But it wasn’t just Negm’s poetry that brought a traditional feel to the Tahrir protests. One of the main musical highlights of the 18 day protests was the performance by celebrated folklore group Tanboura. They brought a tradition of protest music from the Suez Canal region that has taken on Nasser, Sadat and the Israeli occupation with equal vigor. For their actions members have, like Imam and Negm before them, faced prison and worse at the hands of the regime.

For Zakaria Ibrahim, founder of Tanboura and director of El Mastaba Center for Egyptian Folk Music, Tanboura’s popularity is inseparable from its dual role as a voice of protest and a regenerator of traditional styles of music that recently were in danger of disappearing completely.

“I started Tanboura,” Ibrahim explains, “as a response not merely to local oppression, but to the penetration of a commercial aesthetic that almost destroyed traditional music in Egypt, and the mentality and authentic values that existed with it.”

Scholars might blanche before such a seemingly rose-colored view of “tradition” and “authenticity”, given that so-called traditional and authentic Egyptian culture is certainly not free of prejudice, oppression and violence. But Ibrahim’s focus here is on music, not society as a whole.

“Before it was just our traditional music in the street. People shared it because it expressed their hopes and needs. We sang against repression, against longing to go home after the Israeli conquest of Sinai, we had the same desires to ask for democracy and holding the government accountable, and just like today we went to prison for it. But then with the commercialisation of music songs changed completely. Instead of people sharing, now it became just commercial, without art, while the remaining traditional groups had to play for Mubarak and be controlled by his system to survive. They lost their freedom.”

Of course, the plight of musicians was no different than the plight of Egyptians more broadly. What’s interesting is that the same forces of neoliberalism – strongly associated with Gamal Mubarak and his cronies – that many analysts believe ultimately turned the old guard of the military-economic elite against the Mubaraks also drove traditional musicians like the members of Tanboura onto the streets.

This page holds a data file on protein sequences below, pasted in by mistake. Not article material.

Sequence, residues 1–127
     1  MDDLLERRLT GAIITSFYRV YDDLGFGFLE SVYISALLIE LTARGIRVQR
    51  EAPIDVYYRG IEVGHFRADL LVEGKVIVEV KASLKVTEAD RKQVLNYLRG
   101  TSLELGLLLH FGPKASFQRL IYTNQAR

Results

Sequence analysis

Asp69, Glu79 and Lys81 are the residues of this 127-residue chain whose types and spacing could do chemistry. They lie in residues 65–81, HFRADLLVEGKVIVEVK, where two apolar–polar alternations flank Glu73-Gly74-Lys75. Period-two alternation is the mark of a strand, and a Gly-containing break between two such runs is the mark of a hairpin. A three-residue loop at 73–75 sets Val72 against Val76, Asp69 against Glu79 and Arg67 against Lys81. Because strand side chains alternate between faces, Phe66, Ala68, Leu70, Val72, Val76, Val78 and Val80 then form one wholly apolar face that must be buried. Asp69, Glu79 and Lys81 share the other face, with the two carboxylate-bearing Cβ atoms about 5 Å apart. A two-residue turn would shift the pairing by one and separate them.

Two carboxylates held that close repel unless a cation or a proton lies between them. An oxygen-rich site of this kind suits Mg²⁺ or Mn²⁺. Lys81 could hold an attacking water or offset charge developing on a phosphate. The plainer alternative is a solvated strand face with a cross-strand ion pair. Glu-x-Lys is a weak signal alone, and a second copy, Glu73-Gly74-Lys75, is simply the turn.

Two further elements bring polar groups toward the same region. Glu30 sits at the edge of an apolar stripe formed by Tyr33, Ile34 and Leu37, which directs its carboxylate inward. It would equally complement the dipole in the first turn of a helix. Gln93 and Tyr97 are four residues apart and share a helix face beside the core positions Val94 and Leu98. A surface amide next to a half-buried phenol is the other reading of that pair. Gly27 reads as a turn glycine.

“Mubarak was using the opening to the West to flood market with Western music,” Ibrahim explained, “but offered no support for traditional music. Now at least we can hope for support.”

Tradition and hybridity

Next Music Station: Tunisia

The popular protests that toppled Ben Ali and Mubarak succeeded in good measure because the dictatorial regimes they confronted were unable to stop the uncontrolled flow of information, whether through social media or satellite networks like  Al Jazeera (which in fact made unprecedented use of social media in its coverage of the protests).

The ability to share knowledge unbound by once powerful government censorship regimes both linked activists and protesters together and brought the realities of government repression and lies into clearer public view than ever before.

Among the most powerful forces for encouraging the unrestricted spread of knowledge and culture through the internet and its multifaceted forms of social media is the Creative Commons movement, of which, not surprisingly, Al Jazeera has been a major supporter.

As an academic and musician I have long felt that encouraging unrestricted, and as important, free circulation of knowledge and cultural products enabled by the use of Creative Commons’ legal mechanisms is crucial for the future of both art and scientific/academic knowledge in the global era.

At the beginning of July, Al Jazeera and Creative Commons joined together to sponsor the 3rd Creative Commons Arab Regional Meeting and Concert, fittingly held in Tunis. As many of the participants at the meeting, from Creative Commons Chairman Joi Ito to Tanboura member and one time Sheikh Imam disciple Yasser Shoukry, explained to Al Jazeera  journalist and tech expert Bilal Randaree, there is a strong affinity between the principles of Creative Commons and those of the Arab Spring.

Coming to the meeting I already had first hand experience of the activist and political implications of the kinds of circulation of knowledge enabled by Creative Commons. What I could not have imagined, however, was how the community created by CC could bring together traditional and contemporary forms of artistic production in ways that produced truly powerful and innovative hybrid forms of music and art.